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Censorship in the People's Republic of China

On 13 February 2009, Li Dongdong, a deputy chief of the General Administration of Press and Publication, announced the introduction of a series of rules and regulations to strengthen oversight and administration of news professionals and reporting activities. The regulations would include a "full database of people who engage in unhealthy professional conduct" who would be excluded from engaging in news reporting and editing work. Although the controls were ostensibly to "resolutely halt fake news", it was criticized by Li Datong, editor at the [China Youth Daily] who was dismissed for criticizing state censorship. Li Datong said "There really is a problem with fake reporting and reporters, but there are already plenty of ways to deal with that." [Reuters] said that although Communist Party's Propaganda Department micro-manages what newspapers and other media do and do not report, the government remains concerned about unrest amid the economic slowdown and the 20th anniversary of the [pro-democracy protests in 1989] . [China to introduce journalist "black list"] , [Reuters] , 13 February 2009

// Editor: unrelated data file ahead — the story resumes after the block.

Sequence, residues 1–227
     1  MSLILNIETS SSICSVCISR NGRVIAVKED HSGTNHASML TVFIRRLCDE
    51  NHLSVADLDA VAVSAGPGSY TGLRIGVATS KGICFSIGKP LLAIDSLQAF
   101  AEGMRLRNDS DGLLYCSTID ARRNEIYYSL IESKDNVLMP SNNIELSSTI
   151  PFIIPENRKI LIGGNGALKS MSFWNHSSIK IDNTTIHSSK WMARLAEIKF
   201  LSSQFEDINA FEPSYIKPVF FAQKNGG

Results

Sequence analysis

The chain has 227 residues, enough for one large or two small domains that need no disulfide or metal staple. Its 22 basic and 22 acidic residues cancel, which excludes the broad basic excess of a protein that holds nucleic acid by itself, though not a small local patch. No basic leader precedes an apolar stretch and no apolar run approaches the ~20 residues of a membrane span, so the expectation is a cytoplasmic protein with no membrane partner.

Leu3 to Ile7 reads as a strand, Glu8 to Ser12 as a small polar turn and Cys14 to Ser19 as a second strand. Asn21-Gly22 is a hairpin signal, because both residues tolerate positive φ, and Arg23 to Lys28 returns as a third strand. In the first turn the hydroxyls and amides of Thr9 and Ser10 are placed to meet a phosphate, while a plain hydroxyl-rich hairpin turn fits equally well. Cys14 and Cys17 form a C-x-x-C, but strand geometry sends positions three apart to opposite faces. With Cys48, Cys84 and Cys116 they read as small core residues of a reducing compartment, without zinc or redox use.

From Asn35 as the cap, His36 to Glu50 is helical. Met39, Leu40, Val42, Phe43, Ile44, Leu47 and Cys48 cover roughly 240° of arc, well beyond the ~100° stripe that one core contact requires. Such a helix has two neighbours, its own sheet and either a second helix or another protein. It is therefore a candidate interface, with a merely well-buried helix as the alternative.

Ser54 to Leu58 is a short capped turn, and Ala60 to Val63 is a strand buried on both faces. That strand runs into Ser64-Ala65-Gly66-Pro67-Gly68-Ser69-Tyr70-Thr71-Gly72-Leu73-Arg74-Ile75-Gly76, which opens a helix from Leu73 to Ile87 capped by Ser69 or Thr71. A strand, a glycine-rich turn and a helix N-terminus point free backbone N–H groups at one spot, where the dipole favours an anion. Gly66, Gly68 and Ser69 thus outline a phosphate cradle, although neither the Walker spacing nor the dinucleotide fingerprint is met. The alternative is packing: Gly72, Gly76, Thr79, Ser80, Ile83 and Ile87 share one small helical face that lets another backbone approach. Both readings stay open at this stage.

Cultural

The PRC has historically sought to use censorship to mould or protect the country's culture. During the [Cultural Revolution] , foreign literature and art forms, religious works and symbols, and even artifacts of ancient Chinese culture were deemed "reactionary" and became targets for destruction by teams of [Red Guard] .

Although much greater cultural freedom exists in China today, continuing crackdowns on pornography, the 2006 banning of foreign [cartoons] from Chinese [prime time] TV, and limits on screenings for foreign films could be seen as a continuation of cultural-minded censorship.

Moral

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